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Detroit Lions

Lions need to figure out how to fix left side of their offensive line

Detroit Lions tackle Taylor Decker waits for his turn on the line during NFL football training camp Sunday, July 31, 2016, in Allen Park, Mich. (AP Photo/Duane Burleson)
AP Photo/Duane Burleson

The Detroit Lions put up 27 points Sunday against the Green Bay Packers, so it seems harsh to blame the offense for the seven-point defeat.

Two young offensive linemen, though, are getting attention because of their continued struggles in the first three weeks of the season. Left guard Laken Tomlinson and left tackle Taylor Decker were beaten multiple times by the Packers defense, either putting Matthew Stafford under pressure or blowing up running plays.

At the end of the 2015 season, it was obvious that Detroit’s offensive line was a major problem. The Lions finished last in the league in rushing, and only left tackle Riley Reiff and guard Manny Ramirez played particularly well. When Ramirez left as a free agent - he signed with the Bears before retiring - it seemed clear that a total rebuild was needed.

Oddly, though, it didn’t happen. The Lions selected Decker from Ohio State in the first round, center Graham Glasgow (Michigan) in the third and Washington State guard Joe Dahl in the fifth, but didn’t target linemen in free agency. The only major signing was veteran guard Geoff Schwartz, and he didn’t make the final roster.

In another surprising move, Jim Caldwell immediately installed Decker at left tackle; the toughest position on the offensive line, and one where a rookie is guaranteed to struggle. Reiff moved to the right side, and the interior was made up of three players who had below-average seasons in 2015 - Tomlinson, center Travis Swanson and right guard Larry Warford.

The decision to keep Warford made sense - he looked like a young star as a rookie in 2013 before dealing with injuries in the next two seasons. Caldwell and his staff also counted on the fact that Swanson and Tomlinson would improve in their second year as regulars.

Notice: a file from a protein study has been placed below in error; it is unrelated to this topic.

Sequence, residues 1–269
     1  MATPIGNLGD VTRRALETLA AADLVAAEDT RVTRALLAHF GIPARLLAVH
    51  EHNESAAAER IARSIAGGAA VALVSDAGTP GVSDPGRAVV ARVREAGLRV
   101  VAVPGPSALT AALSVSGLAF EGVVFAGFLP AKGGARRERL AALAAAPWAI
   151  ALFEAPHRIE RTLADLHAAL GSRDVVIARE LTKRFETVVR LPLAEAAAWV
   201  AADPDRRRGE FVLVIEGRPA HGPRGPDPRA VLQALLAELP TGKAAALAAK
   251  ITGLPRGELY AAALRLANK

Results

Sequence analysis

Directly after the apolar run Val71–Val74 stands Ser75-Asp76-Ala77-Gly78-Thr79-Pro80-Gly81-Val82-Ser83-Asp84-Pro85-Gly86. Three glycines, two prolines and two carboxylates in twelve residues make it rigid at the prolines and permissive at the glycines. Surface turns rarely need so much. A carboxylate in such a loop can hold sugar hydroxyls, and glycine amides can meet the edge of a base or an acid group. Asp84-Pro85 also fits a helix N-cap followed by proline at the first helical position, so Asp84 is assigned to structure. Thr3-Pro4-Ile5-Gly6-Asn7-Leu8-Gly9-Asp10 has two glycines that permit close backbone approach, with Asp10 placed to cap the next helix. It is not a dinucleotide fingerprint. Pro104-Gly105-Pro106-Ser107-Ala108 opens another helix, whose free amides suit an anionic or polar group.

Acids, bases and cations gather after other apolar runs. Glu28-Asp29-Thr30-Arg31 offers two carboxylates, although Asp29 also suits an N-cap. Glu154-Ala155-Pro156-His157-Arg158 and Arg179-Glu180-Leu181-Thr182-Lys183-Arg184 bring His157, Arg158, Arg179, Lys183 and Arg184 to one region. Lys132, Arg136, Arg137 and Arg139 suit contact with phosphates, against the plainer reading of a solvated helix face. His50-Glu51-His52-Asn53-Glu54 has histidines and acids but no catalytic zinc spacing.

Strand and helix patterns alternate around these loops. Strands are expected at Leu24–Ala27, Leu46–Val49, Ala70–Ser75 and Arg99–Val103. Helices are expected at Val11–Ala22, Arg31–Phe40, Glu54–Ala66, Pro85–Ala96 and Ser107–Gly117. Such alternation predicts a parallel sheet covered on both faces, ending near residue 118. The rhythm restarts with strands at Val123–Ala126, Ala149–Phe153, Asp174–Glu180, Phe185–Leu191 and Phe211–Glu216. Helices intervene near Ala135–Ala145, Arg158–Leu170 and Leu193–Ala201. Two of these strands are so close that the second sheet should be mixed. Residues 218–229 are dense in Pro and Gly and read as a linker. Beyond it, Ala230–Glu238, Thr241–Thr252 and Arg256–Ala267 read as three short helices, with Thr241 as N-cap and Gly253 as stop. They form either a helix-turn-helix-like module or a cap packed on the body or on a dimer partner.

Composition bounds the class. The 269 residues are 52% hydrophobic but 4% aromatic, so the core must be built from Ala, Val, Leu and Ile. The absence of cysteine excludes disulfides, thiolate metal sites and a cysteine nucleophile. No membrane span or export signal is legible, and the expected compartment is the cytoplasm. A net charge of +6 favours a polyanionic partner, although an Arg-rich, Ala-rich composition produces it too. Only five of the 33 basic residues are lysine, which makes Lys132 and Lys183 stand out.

Two of the three gambles have paid off - Warford has regained much of his early form and Swanson has improved after his training-camp work with his predecessor, Dominic Raiola.

Tomlinson, though, still looks lost at times, and Decker has been overwhelmed at times both as a pass blocker and on running plays. With them playing next to each other, that has allowed defenses to cave in one side of Detroit’s offense.

That’s become a major problem in the running game, especially with Ameer Abdullah sidelined by a foot injury. Theo Riddick gained nine yards on 10 carries, and need to break tackles to do that well.

“We’ve just got to block better for him,” Caldwell said. “We had some guys just got knocked out of there physically, and that created some problems for us. We didn’t get him going or give him an alley. That was execution up front.”

Caldwell didn’t want to single out Tomlinson or Decker, but said they both needed to play more consistently.

“They’re both young guys that are playing there, and I think it has been up and down,” he said. “There were some really good stretches of football between those two guys. There were times where Laken did a real good job and times where Taylor did an excellent job. There were times that there were problems, but that’s expected. It’s going to happen.”

“They are going to have some bad plays, but consistency is what matters, and I think they will both get to a point where they are operating at a high, high level of consistency.”

If the Lions are going to make something out of this season, that point needs to come sooner rather than later.

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